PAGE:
Review of Innovations in Digital Health Technology to Promote Weight Control

Obesity (J McCaffery, Section Editor)
Part of the following topical collections:
  1. Topical Collection on Obesity

Abstract

Advances in technology have contributed to the obesity epidemic and worsened health by reducing opportunities for physical activity and by the proliferation of inexpensive calorie-dense foods. However, much of the same technology can be used to counter these troublesome trends by fostering the development and maintenance of healthy eating and physical activity habits. In contrast to intensive face-to-face treatments, technology-based interventions also have the potential to reach large numbers of individuals at low cost. The purpose of this review is to discuss studies in which digital technology has been used for behavioral weight control, report on advances in consumer technology that are widely adopted but insufficiently tested, and explore potential future directions for both. Web-based, mobile (eg, smartphone), virtual reality, and gaming technologies are the focus of discussion. The best evidence exists to support the use of digital technology for self-monitoring of weight-related behaviors and outcomes. However, studies are underway that will provide additional, important information regarding how best to apply digital technology for behavioral weight control.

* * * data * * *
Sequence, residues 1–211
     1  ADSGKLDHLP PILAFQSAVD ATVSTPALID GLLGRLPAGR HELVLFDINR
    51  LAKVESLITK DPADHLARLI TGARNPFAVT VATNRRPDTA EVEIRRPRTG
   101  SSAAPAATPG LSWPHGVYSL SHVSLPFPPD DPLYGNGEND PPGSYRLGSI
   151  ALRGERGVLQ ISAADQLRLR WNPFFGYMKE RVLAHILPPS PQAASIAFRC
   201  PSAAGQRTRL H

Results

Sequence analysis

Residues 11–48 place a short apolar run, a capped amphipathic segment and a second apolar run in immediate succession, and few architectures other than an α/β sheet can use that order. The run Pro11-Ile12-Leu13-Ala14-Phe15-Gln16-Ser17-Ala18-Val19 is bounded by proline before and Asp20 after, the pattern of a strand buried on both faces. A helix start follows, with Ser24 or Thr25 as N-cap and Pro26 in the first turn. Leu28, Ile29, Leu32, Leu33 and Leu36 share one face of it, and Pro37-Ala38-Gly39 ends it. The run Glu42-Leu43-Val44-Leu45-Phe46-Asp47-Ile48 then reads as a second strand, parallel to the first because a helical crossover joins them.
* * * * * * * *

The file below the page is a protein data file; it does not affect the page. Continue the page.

Keywords

Obesity Technology Diet Physical activity Digital health mHealth eHealth Weight control 

Notes

Acknowledgments

Dr. Thomas is supported by NIDDK R01 DK095779, NHLBI R41 HL114046, and a grant from Weight Watchers International, Inc. Dr. Bond is supported by NINDS R01 NS077925, NIDDK R03 DK095740, and NIDDK K01 DK083438, and a grant from Weight Watchers International, Inc.

Compliance with Ethics Guidelines

Conflict of Interest

J. Graham Thomas is paid by Weight Watchers International, Inc. to give expert feedback on their weight loss intervention systems. He is also is paid by MEI Research to give expert feedback on their electronic systems for measuring and intervening on health behaviors, and to advise MEI Research on research methods & design and grant preparation. Dale S. Bond declares that he has no conflict of interest.

Human and Animal Rights and Informed Consent

This article does not contain any studies with human or animal subjects performed by any of the authors.

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Copyright information

© Springer Science+Business Media New York 2014

Authors and Affiliations

  1. 1.Department of Psychiatry and Human Behavior, Warren Alpert Medical School of Brown UniversityThe Miriam Hospital Weight Control and Diabetes Research CenterProvidenceUSA

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